The Chapter Entitled 'Junior'
(To simply read the hunt alone skip forward to the **)
Anyone who has spent just a little bit of time following Small Acre Hunting knows about a buck named RD (Real Deal) and the years we have spent chasing him. Hundreds of stand hours dedicated solely on attempting to harvest him. Every camera hung, each seed sown and each scouting trip made centered on RD and harvesting him.
Once last season ended with both Pops and I sautéing our buck tags in a skillet we waited attentively until that first pull after the last day of the season to confirm yet again the saga of RD would see another possible season.
It would be the image to the left (below Junior photo) which would send thoughts swirling towards 2015 about what may happen should the stars align for us. However, all throughout the 2014 season there was another deer which both of us said would be tough if not impossible to pass and that was a buck we named Junior, due to the fact that he was a smaller version of his suspected father…RD. This is his story, his chapter in the RD saga if you will.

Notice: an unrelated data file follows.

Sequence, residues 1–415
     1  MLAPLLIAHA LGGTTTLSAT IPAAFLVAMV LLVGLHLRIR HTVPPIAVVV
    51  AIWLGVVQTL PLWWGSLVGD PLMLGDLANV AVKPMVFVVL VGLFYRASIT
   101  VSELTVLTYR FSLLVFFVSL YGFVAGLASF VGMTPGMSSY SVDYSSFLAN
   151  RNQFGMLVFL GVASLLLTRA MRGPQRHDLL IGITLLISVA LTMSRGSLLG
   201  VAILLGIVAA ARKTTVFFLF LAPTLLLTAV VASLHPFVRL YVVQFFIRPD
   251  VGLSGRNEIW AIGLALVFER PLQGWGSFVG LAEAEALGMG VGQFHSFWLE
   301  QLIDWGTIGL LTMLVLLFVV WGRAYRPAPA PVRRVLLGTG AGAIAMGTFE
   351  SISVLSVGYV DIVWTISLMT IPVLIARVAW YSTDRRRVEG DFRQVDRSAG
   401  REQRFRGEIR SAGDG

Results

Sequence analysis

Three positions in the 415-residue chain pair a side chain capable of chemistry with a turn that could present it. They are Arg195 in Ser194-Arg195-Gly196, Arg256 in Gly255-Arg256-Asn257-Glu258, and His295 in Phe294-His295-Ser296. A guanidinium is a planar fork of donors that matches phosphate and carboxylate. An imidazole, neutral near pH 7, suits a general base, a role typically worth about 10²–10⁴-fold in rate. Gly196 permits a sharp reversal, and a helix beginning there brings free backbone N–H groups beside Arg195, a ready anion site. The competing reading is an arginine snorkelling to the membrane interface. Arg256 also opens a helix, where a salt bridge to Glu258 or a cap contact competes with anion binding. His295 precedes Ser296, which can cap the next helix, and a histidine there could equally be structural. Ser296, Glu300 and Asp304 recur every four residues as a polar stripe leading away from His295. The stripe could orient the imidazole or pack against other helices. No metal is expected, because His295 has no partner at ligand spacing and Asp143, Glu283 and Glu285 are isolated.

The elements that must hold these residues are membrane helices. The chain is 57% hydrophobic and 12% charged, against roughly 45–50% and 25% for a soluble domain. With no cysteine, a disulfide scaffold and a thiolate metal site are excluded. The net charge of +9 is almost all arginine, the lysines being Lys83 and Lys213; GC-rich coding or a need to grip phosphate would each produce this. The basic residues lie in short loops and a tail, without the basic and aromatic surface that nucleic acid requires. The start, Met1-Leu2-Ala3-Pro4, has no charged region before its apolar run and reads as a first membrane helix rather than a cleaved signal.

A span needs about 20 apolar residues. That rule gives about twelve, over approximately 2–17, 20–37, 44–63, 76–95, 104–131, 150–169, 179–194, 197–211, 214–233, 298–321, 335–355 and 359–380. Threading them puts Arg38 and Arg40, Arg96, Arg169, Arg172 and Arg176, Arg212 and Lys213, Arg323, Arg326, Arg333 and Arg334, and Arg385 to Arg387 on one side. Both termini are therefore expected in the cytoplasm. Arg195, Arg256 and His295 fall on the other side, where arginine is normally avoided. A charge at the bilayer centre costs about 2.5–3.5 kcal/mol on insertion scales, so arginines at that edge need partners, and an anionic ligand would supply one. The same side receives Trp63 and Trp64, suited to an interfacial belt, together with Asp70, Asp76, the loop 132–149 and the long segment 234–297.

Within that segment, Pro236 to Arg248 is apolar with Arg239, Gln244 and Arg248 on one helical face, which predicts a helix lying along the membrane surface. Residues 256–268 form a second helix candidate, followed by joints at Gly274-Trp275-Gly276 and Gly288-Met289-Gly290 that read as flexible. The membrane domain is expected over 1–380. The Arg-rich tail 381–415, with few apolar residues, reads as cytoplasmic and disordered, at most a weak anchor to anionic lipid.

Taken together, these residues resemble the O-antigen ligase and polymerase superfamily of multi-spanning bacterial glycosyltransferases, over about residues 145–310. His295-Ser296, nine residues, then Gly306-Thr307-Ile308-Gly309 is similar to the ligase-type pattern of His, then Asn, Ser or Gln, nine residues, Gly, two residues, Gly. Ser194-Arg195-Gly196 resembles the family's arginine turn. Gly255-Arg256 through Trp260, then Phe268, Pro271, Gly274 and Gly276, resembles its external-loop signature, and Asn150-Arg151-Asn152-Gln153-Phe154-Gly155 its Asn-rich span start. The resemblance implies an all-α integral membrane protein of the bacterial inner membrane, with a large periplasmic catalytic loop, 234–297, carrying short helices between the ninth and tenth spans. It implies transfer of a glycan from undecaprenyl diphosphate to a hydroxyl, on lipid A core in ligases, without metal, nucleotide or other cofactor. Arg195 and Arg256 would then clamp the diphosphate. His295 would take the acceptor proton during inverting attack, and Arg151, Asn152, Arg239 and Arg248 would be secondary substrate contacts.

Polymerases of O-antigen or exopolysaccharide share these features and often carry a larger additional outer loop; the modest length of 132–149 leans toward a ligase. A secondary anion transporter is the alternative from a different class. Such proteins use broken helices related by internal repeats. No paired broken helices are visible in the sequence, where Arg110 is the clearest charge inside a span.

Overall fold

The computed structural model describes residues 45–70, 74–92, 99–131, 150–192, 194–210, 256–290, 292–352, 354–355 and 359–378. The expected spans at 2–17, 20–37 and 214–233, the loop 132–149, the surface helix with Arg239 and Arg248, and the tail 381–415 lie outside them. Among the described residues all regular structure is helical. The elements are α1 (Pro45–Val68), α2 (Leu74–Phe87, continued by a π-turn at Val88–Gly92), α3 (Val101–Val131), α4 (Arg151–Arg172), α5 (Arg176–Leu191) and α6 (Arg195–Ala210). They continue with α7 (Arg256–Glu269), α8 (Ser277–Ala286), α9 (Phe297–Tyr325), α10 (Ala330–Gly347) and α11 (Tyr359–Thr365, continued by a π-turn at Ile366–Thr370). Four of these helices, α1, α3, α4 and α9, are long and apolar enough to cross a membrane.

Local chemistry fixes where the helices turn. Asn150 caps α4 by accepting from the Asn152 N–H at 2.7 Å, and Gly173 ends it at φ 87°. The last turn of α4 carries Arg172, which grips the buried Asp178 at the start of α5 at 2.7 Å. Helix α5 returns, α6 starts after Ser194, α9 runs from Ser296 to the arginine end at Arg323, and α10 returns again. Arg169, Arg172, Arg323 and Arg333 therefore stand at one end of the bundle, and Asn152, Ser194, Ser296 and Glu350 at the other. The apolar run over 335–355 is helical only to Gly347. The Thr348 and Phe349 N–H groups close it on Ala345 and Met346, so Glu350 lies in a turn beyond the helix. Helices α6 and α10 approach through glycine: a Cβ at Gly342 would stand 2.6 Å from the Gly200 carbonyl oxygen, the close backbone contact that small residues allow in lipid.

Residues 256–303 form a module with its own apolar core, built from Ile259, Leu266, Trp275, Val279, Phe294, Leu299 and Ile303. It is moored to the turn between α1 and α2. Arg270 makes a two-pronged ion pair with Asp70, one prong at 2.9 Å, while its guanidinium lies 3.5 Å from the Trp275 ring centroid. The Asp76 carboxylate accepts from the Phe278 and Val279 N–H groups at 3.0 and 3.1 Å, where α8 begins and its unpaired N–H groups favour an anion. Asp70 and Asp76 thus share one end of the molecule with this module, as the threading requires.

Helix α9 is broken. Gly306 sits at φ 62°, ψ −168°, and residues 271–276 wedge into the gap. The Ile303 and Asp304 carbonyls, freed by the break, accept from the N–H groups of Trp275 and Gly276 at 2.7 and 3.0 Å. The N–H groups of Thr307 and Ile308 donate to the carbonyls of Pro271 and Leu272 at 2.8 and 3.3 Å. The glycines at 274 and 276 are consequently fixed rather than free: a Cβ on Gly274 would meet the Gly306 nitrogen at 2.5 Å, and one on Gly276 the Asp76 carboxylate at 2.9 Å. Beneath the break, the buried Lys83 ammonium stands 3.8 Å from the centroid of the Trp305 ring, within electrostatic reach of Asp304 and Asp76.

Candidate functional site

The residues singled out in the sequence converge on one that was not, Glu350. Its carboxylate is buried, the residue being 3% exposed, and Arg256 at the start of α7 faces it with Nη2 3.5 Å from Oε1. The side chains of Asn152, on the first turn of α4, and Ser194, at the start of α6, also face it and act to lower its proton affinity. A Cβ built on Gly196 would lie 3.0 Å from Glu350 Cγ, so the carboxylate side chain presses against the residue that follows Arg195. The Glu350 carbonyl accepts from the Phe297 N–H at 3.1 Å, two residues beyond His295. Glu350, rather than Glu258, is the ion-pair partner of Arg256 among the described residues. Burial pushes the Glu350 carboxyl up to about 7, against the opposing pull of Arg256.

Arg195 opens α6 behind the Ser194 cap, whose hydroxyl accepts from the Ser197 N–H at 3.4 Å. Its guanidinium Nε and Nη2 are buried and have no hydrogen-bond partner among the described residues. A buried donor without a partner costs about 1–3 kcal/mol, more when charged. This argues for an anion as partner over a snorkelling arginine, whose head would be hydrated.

Many times in 2014 Junior had slipped my father and I, some moments were so close it was astonishing. He was extremely active on the property yet excluding a 200 yard fleeting glance of him I had the day before gun season he lived only on the cameras and never before our eyes, must have inherited that trait from his father. He was the resident buck that loved to move around and was by far the most active deer we had as far as possible shooters went...assuming his demeanor would be more of the same this year we set up cams and expected it wouldn’t be long before our old friend would pop in (and hopefully his father…but this is Junior’s story).